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Artists and housing advocates join forces

By Neil G. Greene, Special to the Daily Planet
Monday June 10, 2002

Weekend rally urges affordable units 


Affordable housing advocates and the arts community joined forces this weekend to celebrate a planned affordable housing development and to make a plea to the Berkeley community to continue providing housing, particularly for the city’s artists. 

Saturday's event was part of Affordable Housing and Open Studio Week which began May 31. The event was held on a sun-baked vacant lot at 1725 University Avenue, the future site of 27 family apartments for families with children with disabilities. The project is one of three developments of the nonprofit Affordable Housing Associates slated for Berkeley. There are six on the drawing board for Oakland. 

"This week we're celebrating the convergence of affordable housing and artists' communities," said Ali Kashani, executive director of the Berkeley-based AHA. Kashani noted that between 1997 and 2000, housing prices in Berkeley increased 40 percent, while there has been no significant rise in the city's medium income. "Nobody's income, especially low income people, has risen by that percentage amount. So there is a disproportionate ratio in the rise of housing costs and their income," she explained. 

This has left untold numbers of artists and low-income workers fleeing Berkeley and seeking refuge in nearby Oakland or cities outside the Bay Area. 

In an attempt to counter the exodus, Saturday’s event highlighted housing hopes on the horizon, and sought to redefine the public's bad associations with affordable housing. 

With AHA's recent purchase of a lot at 9th Street and Ashby Avenue, artists are scheduled to receive a much needed respite. The new site will include approximately 40 affordable artisan lofts and breaks ground this fall, to be completed sometime in late 2004. The city allocated $500,000 for this project, leaving AHA to come up with the rest. 

Poet and jeweler Anna Mae Stanely knows first-hand about what affordable housing means to artists. For more than 11 years she and her son have lived in the University Avenue Cooperative Homes. With subsidized rent, the pressure of making rent has subsided, she has been able to raise her son in a stable home environment, and she has improved the overall quality of her life, using time to produce art rather than rent.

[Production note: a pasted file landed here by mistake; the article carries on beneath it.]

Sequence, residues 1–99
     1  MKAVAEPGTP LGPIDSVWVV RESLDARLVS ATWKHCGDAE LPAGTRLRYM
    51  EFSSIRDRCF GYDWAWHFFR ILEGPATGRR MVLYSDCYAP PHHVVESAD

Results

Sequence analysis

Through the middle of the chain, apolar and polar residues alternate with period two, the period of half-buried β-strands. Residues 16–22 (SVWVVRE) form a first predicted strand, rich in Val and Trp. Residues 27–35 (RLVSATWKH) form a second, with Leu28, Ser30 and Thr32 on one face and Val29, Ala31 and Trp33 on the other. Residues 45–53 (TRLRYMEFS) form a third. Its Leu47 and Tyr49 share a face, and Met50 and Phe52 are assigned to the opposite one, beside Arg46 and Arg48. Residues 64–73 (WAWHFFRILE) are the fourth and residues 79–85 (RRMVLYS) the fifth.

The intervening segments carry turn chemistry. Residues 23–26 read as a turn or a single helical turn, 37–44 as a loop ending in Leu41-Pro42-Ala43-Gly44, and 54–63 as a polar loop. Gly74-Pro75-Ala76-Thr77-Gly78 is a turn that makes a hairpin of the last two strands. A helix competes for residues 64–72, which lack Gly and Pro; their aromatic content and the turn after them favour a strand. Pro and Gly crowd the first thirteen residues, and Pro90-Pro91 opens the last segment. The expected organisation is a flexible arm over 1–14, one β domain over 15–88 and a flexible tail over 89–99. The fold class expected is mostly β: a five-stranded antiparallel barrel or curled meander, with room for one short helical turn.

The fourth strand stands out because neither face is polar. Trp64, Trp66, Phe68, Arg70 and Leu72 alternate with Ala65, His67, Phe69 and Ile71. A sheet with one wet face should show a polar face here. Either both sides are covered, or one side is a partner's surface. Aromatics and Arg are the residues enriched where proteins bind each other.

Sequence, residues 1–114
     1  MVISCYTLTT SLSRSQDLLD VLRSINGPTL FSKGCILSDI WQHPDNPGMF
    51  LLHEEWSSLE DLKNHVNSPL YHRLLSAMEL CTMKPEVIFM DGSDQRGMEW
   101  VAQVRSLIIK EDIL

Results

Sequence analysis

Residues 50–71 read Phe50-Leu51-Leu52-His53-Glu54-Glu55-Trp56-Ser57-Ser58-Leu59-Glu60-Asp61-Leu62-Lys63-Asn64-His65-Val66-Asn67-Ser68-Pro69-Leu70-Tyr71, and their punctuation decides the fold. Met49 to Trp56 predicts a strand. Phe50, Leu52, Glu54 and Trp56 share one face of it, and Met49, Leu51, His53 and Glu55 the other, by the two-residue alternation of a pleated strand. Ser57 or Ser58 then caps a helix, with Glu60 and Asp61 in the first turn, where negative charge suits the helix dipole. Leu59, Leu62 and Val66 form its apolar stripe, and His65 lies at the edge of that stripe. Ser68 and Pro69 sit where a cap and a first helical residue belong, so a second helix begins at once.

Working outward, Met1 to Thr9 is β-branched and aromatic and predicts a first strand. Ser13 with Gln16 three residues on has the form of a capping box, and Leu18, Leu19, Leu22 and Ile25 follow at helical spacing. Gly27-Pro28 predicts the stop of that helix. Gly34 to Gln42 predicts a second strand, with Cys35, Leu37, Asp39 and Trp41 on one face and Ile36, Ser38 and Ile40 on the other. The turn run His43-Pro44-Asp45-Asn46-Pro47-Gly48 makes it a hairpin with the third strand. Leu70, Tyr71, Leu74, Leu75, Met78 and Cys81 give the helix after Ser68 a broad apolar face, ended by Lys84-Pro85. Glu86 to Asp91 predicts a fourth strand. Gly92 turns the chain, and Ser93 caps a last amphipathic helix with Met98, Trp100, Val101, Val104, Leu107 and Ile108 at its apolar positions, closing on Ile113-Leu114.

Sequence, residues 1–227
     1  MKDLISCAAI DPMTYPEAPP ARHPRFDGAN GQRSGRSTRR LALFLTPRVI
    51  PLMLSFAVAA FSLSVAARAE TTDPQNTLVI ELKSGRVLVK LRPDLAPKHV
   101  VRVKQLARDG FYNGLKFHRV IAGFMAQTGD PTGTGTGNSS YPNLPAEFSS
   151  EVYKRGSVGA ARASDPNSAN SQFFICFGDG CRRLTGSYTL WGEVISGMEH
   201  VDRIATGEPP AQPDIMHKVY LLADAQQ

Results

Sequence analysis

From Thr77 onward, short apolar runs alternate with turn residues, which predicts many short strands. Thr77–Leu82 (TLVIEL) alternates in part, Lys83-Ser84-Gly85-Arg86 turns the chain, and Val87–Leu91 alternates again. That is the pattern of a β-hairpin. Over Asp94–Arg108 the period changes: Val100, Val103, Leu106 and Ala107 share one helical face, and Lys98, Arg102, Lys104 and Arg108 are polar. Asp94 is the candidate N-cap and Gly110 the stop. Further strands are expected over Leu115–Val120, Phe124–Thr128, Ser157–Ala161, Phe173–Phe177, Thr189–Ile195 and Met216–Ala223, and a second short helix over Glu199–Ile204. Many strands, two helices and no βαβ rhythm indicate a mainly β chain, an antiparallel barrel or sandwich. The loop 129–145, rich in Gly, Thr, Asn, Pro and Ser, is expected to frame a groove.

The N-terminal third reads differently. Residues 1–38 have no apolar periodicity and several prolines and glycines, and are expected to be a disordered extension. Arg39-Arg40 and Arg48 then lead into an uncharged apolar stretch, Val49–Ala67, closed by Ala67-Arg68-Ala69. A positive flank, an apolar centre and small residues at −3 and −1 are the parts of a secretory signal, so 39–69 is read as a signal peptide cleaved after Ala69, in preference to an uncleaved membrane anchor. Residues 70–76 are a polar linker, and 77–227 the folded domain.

Affordable housing has allowed Stanley to stay in Berkeley, and therefore let Berkeley bare the fruits of Stanely's artistic passions. When time has passed, said Stanley, maybe hundreds of years from now, society will understand itself through its artwork. If there is no artwork, she said, what will people see? If the only people left here were middle and upper class – all with similar backgrounds – we wouldn't have a realistic picture of what the world is like as a whole, she added. 

In an effort to reverse the popular misconception surrounding affordable housing, East Bay Housing Organizations’ Executive Director Sean Heron, hoped Saturday’s event would re-shape the public's image of affordable housing. 

"People have misconceptions and think people who live in affordable housing might bring crime or drugs and lower property values," said Heron. “The affordable housing we're concerned about is built by nonprofit developers with the highest design standards and community and city involvement. When the buildings are done they're beautiful and people forget their misconceptions." 

If people's image of affordable housing can be changed, that leaves the acquisition of land and subsidies as the two major obstacles for affordable housing- obstacles voters can help eliminate this November when they have the option to vote for a $2 billion statewide housing bond. Half of the bond's funds will be allocated to help house low income and disabled individuals and families— the remaining funds will be spread over various programs including home ownership and farm worker housing programs. 

Affordable housing advocates are calling the bond the most exciting thing to happen in California housing in 20 years. Also in attendance at Saturday's event was Joyce Jenkins, editor and publisher of Poetry Flash, a popular poetry review and literary calendar. With Berkeley as its home for more than 30 years, Poetry Flash is bound to the city's literary history and institutions, Jenkins says, but despite deep ties, it has become bitterly difficult to stay in Berkeley. 

The rent for Poetry Flash’s live/work space was recently increased $750 a month with no foreseeable increase in their ability to pay. Jenkins hopes the community will rally to support affordable housing, to help house artists, and therefore help Berkeley remain a creative, meaningful place to live creative and meaningful lives. 

"We stay here in Berkeley because of our deep historical ties to the city and area, because this is where our core audience is," she said.